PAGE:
The Lead Entity continues to support project partners implementing restoration as part of the Dungeness River Floodplain by Design initiative. Floodplains by Design is an innovative effort to fund multi-benefit projects that reduce flooding, restore floodplains and fish habitat, provide recreational access, and benefit working lands and agriculture.

The Floodplains by Design initiative was spearheaded by the Nature Conservancy. The Nature Conservancy worked collaboratively in 2012 with the Puget Sound Partnership, U.S. Army Corps and others to jump start restoration efforts in a much more collaborative and integrated fashion. The Washington State Legislature saw the benefit of this new approach and provided funding through the Department of Ecology beginning in 2013. Included as part of this funding package was a multi-faceted Dungeness River Floodplain project submitted by our Lead Entity in partnership with local restoration practitioners.

The Dungeness River Floodplain Project was selected to receive $7.8 million in funding as part of this new venture. This funded irrigation piping by the Clallam Conservation District in partnership with area irrigation companies. That work helps keep water in the Dungeness River for fish. Floodplains by Design also funded an effort to advance fish passage and irrigation improvements along McDonald Creek. It also supported a significant portion of the North Olympic Salmon Coalition’s large scale restoration of Three Crabs, which resulted in setting back a road, replacing an undersized bridge with a larger, more fish friendly model, creation of tidal lagoons, restoration of 50 acres of coastal wetlands and expanded shoreline access for the public.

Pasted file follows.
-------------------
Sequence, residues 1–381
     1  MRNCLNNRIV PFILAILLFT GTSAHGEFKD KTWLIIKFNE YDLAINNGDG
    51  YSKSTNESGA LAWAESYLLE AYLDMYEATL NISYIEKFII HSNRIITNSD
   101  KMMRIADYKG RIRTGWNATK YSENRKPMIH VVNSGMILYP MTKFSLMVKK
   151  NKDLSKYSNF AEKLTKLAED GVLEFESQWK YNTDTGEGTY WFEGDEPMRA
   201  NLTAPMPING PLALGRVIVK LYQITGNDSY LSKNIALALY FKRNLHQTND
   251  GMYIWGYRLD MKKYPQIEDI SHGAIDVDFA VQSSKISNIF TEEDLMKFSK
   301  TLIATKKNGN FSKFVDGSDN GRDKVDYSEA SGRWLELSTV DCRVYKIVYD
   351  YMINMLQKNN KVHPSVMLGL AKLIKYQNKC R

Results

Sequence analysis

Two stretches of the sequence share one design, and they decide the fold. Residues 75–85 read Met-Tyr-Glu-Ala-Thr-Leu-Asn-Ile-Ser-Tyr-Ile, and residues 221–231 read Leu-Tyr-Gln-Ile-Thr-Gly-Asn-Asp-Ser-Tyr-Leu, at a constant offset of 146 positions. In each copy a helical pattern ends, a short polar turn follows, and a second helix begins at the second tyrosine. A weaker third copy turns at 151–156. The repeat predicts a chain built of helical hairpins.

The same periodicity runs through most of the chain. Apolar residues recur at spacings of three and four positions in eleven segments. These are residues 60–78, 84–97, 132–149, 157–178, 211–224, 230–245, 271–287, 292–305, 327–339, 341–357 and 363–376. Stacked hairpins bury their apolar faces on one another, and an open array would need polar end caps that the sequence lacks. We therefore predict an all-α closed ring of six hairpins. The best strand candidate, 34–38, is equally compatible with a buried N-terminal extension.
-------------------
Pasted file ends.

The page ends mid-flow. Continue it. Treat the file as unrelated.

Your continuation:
Floodplains by Design is also funding the design and permitting currently underway in 2018 for Clallam County’s Dungeness Levee setback. This large scale, floodplain restoration action will setback the east levee of the Dungeness to reconnect the river with its floodplain to improve conditions for endangered Dungeness Chinook and other salmon.

The Levee setback is the top-ranked project on the Lead Entity’s 2018 & 2019 Workplan, which includes 45 proposed restoration actions. The levee setback is a key strategy in the Dungeness Chapter of the Puget Sound Chinook Recovery Plan. This project, long advocated by the Dungeness River Management Team, Clallam County, Jamestown S’Klallam Tribe and others; has been on the drawing board for more than 25 years but there was no money to advance this work until the Shared Strategy funding request in 2007. That funding, which later became known as the Puget Sound Acquisition and Restoration (PSAR), paid for project planning, feasibility and acquisitions to relocate willing landowners and homes from the floodplain. That provides room for the levee setback and space for the river to meander naturally.

A subsequent request from the Clallam County Department of Community Development was selected in 2015 to receive an additional Floodplains by Design grant which will cover a significant portion of costs to construct the Dungeness Levee Setback project.

This project was also the top ranked project for Large Capital PSAR funding in 2017 among more than 25 projects across Puget Sound. With the current restoration funding available, large scale efforts often require patchwork funding from a variety of sources to get all the monies needed for construction.